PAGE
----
Early on Mike and I developed rules about formula feeding Isaac. One was that we were still going to listen to his hunger cues and not put him on a feeding schedule. The second was that he would always be held by either me or Mike when he needed to eat. With the exception of a few babysitters, and an occasional feeding by a big brother while I’ve been trying to keep dinner from burning, we’ve kept to those rules. And you know what happens when you follow your baby’s cues and hold and snuggle him for every feeding? That sense of trust you build together and the human touch you both relish bonds you. And you begin to delight in that love.

The attachment is there. And it is fierce. It just came about a little unplanned. If I know anything now, it’s that I can’t make assumptions based on his being a fourth boy. He is, after all, my very first Isaac.


About the Author:

Kyle and her husband Mike raise four boys and a lot of chaos in the suburbs of Kansas City. She occasionally blogs about life at Jedi Momster.

Photo Credit: Author


World Breastfeeding Week 2013 Blog Carnival - and The San Diego Breastfeeding Center Visit and The San Diego Breastfeeding Center for more breastfeeding resources and WBW Carnival details!

Please take time to read the submissions by the other carnival participants. Below are a list of links for today’s participants; you can find a complete list of links (updated throughout the week) at our main carnival page:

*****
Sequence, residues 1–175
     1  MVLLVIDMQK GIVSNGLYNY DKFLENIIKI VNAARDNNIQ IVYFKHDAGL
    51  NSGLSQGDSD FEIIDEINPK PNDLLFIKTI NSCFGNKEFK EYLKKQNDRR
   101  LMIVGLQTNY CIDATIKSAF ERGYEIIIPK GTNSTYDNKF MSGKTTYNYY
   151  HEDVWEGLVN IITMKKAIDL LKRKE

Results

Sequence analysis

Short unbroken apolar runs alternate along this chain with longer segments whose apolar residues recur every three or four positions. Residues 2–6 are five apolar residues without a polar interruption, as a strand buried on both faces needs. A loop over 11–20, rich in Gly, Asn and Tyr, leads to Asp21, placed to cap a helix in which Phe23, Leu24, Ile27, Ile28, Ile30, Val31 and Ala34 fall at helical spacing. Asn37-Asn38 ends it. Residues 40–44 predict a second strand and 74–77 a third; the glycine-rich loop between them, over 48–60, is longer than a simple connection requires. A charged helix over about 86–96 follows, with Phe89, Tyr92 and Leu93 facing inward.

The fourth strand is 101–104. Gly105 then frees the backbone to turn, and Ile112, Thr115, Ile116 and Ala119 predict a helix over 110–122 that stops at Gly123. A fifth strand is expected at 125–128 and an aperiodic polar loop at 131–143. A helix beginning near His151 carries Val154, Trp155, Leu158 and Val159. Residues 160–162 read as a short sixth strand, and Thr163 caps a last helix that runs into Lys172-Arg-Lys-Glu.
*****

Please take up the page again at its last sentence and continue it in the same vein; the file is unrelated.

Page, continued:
(This list will be updated by afternoon August 5 with all the carnival links.)

  • An Unexpected Formula-Fed Attachment — Kyle (of JEDI Momster and) writing at Natural Parents Network, exclusively breastfed three healthy babies. So when she was pregnant with her fourth, she assumed she would have no breastfeeding troubles she could not overcome. Turns out, her fourth baby had his own ideas. Kyle shares her heartfelt thoughts on how she came to terms with the conclusion of her breastfeeding journey.
  • It Take a Village: Cross Nursing — Shannah at Breastfeeding Utah shares how cross-nursing helped her baby in their time of need, and how that experience inspired her to create a community of cross-nursing and milk-sharing women.
  • Random little influences and Large scale support communities lead to knowing better and doing better — amy at random mom shares how her ideas and successes involved with breastfeeding evolved with each of her children, how her first milk sharing experience completely floored her, and how small personal experiences combined with huge communities of online support were responsible for leading and educating her from point A to point D, and hopefully beyond.
  • Mikko’s weaning story — After five years of breastfeeding, Lauren at Hobo Mama shares how the nursing relationship with her firstborn came to a gentle end.
  • My Milk is Your Milk — Lola at What the Beep am I Doing? discusses her use of donor milk and hhow she paid the gift back to other families.
  • World Breastfeeding Week 2013 Blog Carnival – Celebrating Each Mother’s Journey — Jenny at I’m a full-time mummy lists her experiences and journey as a breastfeeding mother.
  • Working Mom Nursing Twins — Sadia at How Do You Do It? breastfed her twin daughters for 7 months. They made it through premature birth and NICU stays, her return to full-time work, her husband’s deployment to Iraq, and Baby J’s nursing strike.